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‘Road to Austin’: Music, history and a tribute to Stephen Bruton

Peter Blackstock
pblackstock@statesman.com

“What I’m REALLY doing here is launching the Austin Wellness Program,” said “Road to Austin” director Gary Fortin after Thursday’s screening of his music documentary at the Convention Center’s Vimeo Theater. That confession explained why the hour-and-a-half movie never quite could decide what it wanted to be: It’s part concert film, part Austin music history primer, part Stephen Bruton tribute and, yes, part sales pitch for the AWP (artistwp.org), which aims to help artists get early detection of serious diseases.

If that mongrelization diluted the film’s focus, each of its parts were still of interest and worthwhile. Bruton, who died of throat cancer in 2009, was one of Austin’s most talented and beloved musicians, and the footage of the massive May 2007 “Road to Austin” concert on Auditorium Shores that fills the film’s last hour is a fitting tribute to the guitarist and songwriter, who was the concert’s musical director. Searing scenes such as a guitar duel between Eric Johnson and David Grissom, singer Malford Milligan belting out one of Bruton’s songs, and the entire cast joining Kris Kristofferson for the “Me and Bobby McGee” finale still lingered after the credits, with promise of the concert’s full three hours coming available on DVD this spring.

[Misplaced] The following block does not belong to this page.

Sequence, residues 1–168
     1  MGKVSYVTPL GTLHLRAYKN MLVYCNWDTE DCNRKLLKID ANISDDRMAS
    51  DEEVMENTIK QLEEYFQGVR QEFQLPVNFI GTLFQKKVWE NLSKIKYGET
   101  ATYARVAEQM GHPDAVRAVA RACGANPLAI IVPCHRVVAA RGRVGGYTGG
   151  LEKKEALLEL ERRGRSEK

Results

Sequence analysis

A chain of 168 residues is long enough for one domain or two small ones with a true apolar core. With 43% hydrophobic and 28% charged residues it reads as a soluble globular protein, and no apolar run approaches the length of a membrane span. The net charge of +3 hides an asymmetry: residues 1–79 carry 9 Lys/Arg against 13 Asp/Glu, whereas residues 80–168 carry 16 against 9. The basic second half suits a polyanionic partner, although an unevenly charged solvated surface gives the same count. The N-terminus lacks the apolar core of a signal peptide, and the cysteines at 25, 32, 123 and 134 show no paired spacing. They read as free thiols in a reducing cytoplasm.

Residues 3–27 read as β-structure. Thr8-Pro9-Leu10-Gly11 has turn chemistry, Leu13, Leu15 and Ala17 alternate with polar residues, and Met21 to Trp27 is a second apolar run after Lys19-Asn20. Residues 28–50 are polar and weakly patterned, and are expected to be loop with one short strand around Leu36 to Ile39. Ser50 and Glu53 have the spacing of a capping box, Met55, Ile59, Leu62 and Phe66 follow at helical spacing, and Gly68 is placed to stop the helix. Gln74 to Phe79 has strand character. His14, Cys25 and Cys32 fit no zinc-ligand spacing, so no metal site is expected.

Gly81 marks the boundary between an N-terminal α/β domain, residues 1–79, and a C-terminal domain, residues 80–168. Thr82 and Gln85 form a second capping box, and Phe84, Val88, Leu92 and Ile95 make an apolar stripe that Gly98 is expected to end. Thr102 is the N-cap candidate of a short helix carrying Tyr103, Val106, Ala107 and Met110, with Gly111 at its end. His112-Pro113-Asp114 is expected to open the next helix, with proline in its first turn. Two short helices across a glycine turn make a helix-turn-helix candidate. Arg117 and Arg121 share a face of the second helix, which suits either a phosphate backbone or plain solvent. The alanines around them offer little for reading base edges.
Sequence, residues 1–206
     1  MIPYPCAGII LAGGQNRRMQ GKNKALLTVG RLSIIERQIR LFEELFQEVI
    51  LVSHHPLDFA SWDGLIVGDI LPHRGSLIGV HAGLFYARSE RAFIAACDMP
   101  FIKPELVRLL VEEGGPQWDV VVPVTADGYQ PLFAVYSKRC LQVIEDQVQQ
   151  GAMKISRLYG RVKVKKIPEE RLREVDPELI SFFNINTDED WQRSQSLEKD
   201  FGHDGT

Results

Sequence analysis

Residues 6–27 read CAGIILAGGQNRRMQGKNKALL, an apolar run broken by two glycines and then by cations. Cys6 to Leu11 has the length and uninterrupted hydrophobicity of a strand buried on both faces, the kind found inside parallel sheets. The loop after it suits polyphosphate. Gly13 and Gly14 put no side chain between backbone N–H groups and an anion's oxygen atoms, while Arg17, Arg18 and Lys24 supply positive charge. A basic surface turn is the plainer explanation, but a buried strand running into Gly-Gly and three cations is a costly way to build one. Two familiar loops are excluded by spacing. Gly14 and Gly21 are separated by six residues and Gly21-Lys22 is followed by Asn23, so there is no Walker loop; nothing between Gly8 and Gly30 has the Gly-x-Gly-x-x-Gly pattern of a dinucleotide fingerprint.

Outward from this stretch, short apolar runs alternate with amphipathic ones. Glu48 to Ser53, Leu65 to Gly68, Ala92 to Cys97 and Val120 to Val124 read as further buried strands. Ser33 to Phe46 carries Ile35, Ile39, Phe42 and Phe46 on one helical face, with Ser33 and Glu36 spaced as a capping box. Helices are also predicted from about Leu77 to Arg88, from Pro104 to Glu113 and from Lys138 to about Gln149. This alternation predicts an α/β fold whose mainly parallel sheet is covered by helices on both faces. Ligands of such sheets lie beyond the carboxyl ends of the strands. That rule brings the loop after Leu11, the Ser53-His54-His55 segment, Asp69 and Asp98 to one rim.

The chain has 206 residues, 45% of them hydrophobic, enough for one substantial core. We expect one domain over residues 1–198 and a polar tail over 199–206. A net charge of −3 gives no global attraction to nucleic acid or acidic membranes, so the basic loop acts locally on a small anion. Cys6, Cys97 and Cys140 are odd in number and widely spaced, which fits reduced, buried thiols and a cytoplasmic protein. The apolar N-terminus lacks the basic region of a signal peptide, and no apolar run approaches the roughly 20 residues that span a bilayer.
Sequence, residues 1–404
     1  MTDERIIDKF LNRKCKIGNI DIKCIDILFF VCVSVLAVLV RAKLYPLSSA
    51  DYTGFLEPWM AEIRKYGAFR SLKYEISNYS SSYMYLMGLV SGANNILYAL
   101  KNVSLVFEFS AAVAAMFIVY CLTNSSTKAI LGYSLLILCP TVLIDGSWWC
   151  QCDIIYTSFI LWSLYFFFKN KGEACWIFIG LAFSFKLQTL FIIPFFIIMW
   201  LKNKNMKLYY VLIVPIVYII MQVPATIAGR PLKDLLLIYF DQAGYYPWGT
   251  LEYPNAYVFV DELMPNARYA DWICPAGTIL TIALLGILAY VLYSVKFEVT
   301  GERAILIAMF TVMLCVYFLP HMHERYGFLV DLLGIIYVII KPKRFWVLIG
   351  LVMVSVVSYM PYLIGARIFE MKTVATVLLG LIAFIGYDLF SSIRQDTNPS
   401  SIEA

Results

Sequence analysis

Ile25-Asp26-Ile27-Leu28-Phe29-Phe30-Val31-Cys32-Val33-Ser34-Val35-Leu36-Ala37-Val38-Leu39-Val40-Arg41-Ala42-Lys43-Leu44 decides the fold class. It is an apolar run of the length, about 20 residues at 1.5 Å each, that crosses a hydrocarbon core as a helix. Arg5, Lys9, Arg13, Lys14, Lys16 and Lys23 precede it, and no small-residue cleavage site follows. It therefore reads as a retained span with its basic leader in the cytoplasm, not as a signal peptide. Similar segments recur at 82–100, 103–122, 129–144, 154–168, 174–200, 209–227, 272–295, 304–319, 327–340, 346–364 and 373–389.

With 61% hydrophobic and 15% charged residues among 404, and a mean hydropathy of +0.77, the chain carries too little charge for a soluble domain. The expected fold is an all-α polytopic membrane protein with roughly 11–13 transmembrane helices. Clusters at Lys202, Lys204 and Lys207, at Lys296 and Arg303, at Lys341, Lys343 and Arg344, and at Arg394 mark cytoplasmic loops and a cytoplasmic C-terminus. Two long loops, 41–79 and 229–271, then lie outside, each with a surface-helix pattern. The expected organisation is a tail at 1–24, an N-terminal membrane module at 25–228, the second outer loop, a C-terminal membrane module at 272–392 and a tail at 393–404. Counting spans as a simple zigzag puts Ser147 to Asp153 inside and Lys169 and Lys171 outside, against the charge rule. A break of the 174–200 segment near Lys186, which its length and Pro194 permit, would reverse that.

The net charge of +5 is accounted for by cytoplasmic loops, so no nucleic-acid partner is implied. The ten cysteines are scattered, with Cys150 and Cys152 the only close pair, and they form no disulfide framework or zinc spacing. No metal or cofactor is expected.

The introductory history lesson about Austin music, narrated by Turk Pipkin, stretched back to Kenneth Threadgill’s early days in his original North Lamar gas station and restaurant and touched upon the city’s long traditions in country, blues, Latin, psychedelia and other forms. A whole movie could easily be made about that; this isn’t it, but it’s a decent place to start if someone wanted to launch a larger historical project.

Afterward, the audience (as well as the general public) was invited upstairs to the Convention Center’s Austin Ballroom for a musical celebration starring many of the artists featured in the movie. Such a music/film double-event made “Road to Austin” a natural for SXSW; indeed, flm festival director Janet Pierson introduced it by saying that it was “the easiest film to book into SXSW this year.”

Pierson’s introductory remarks also included a request for an extended moment of silence in memory of the victims of Wednesday night’s tragedy on Red River Street; the capacity crowd in the theater respectfully obliged.